ʻIke ʻAi Guide to the ʻIke ʻAi Food Literacy Toolkit

E komo mai kākou to the ʻIke ʻAi Food Literacy Toolkit, an educational food literacy resource hub for educators who support thriving local food systems for their communities, and pathways for careers in food and agriculture for their students.

ʻIke ʻAi refers to a holistic, relational knowledge of the plants, animals on land and sea, fungi, and algae we humans consume to grow and thrive.

This project was developed out of a partnership between UH West Oʻahu Community Food Systems Program, Center for Getting Things Started, and the STEMS² master’s program through the College of Education at UH Mānoa. A special mahalo to USDA National Institute of Food and Agriculture, Jess Sobocinski, Dr. Koh Ming Wei, Dr. Albie Miles, to our team of reviewers: Alana Kaopuiki-Pellegrino, Amanda Rieux, Jameil Saez, Jon Kissida, Maile Garrett, and Ting Ortiz, and to Jasmine Stice for all the back-end work.

This toolkit was modeled after the ʻUlu Education Toolkit. We mahalo and recognize their foundational work in creating this  place-based and very accessible searchable resource database.


ʻIke ʻAi, the deep, experiential knowledge of food and eating, is foundational to life in Hawaiʻi. Our ancestors in Hawaiʻi and across the world developed skills and practices that governed how they selected, grew, prepared, and enjoyed food in a way that sustained individual, community, and environmental health. In our modern context, this type of knowledge is commonly referred to as food literacy.

While many excellent resources on food literacy and food systems education exist, this toolkit highlights content specific to Hawaiʻi and showcases the foods, agricultural traditions, cooking methods, gathering practices, values, etc. that influence what the people of Hawaiʻi love to eat.

Designed for classroom teachers and other community-based educators, this toolkit contains lessons, unit plans, and other resources to facilitate hands-on, engaging food education experiences for students, Pre-K through post-secondary!

The ʻIke ʻAi toolkit is connected to the work led by Dr. Albie Miles, UHWO Sustainable Community Food Systems.

Terms of Use

Attribution-NonCommercial-ShareAlike 4.0 International

  • Published under Creative Commons Attribution-NonCommercial-ShareAlike 4.0 International (CC BY-NC-SA 4.0)
  • Full License
  • Under this license, you are free to share (copy and redistribute) and adapt (remix, transform, build upon) the material in this toolkit following these terms:
    • Attribution– you must give appropriate credit (cite resource name, author and date accessed), a link to the license, and indicate if changes were made. This may be done in any reasonable manner but not in a way which suggests you are endorsed by toolkit creators.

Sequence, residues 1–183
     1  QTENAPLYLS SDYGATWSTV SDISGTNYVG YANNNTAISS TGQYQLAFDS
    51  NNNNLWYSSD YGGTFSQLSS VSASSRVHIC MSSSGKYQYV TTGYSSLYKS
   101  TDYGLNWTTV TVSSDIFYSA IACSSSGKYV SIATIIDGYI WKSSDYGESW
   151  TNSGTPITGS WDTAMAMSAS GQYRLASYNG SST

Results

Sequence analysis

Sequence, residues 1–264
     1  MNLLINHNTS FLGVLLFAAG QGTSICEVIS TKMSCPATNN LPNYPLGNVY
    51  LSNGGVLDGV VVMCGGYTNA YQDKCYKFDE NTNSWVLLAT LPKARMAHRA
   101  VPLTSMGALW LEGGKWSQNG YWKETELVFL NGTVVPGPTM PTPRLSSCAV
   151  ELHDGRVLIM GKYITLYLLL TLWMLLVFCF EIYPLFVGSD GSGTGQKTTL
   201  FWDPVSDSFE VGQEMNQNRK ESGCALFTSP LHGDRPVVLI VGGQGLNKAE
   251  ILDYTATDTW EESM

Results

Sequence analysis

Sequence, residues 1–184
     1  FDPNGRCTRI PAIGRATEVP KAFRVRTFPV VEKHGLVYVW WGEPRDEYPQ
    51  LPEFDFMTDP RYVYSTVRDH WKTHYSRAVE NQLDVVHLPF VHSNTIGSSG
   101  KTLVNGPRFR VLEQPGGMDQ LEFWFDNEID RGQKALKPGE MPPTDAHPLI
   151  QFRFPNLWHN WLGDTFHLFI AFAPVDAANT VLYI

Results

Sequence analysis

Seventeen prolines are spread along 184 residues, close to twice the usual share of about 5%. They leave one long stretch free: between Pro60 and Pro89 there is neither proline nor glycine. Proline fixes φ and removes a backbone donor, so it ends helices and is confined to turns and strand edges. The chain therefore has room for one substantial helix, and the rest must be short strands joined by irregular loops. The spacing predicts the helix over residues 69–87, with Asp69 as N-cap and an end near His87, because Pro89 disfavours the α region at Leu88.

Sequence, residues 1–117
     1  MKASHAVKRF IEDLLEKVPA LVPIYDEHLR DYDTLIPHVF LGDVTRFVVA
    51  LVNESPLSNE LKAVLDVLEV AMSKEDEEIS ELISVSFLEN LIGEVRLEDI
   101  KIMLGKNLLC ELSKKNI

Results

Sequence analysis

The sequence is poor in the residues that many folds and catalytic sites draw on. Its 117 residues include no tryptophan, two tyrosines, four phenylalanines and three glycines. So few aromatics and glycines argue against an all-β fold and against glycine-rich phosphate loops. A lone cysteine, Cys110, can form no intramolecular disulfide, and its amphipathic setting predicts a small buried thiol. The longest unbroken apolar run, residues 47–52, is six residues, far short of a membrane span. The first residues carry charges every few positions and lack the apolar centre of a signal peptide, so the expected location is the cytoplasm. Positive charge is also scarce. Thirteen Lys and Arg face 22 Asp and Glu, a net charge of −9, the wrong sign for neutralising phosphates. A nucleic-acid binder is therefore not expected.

• NonCommercial– material may not be used for commercial purposes.
    • ShareAlike– if you remix, transform or build upon the material you must distribute under the same license (CC BY-NC-SA
  • No additional restrictions– you may not apply legal terms or measures which prevent others from doing anything the license permits.

ʻIke ʻAi Food Literacy Toolkit & Nā Hopena Aʻo

All of the Nā Hopena Aʻo (HĀ) Outcomes can be found woven throughout the ʻIke ʻAi Food Literacy Toolkit. We intentionally chose not to align outcomes to specific resources and lessons, as HĀ is a comprehensive framework in which all six outcomes are interdependent.

The resources in this toolkit are Hawaiʻi-specific, and support teachers with integrating culture-based, and place-based education across all core subject areas using food literacy as the entry point, which helps students strengthen their sense of HĀ – Belonging, Responsibility, Excellence, Aloha, Total Well-Being and Hawaiʻi. These lessons and resources encourage students to examine the role of history, culture, and geography local food systems and how they can take action to promote equitable food access for their communities. They also drive home the idea that the environment, food, and people are interconnected and form interdependent relationships.

ʻIke ʻAi Food Literacy Toolkit Themes

This toolkit’s resources are organized into four themes- Sense of Plate, Foods of Living Islands, ʻAi Pono, and Plate to Platter.

These themes mirror the four themes of the Hawaiʻi School Garden Curriculum Map (HSGCM), but with a slightly different “flavor” that is more focused on the food literacy themes found in Theme 3 Nourishment of the HSGCM, rather than garden-based learning outcomes found throughout the map. As part of this project, Theme 3 Nourishment underwent a metamorphosis to include explicit alignment to the Hawaiʻi C3 Social Studies Standards (HGSSS) and social justice themes.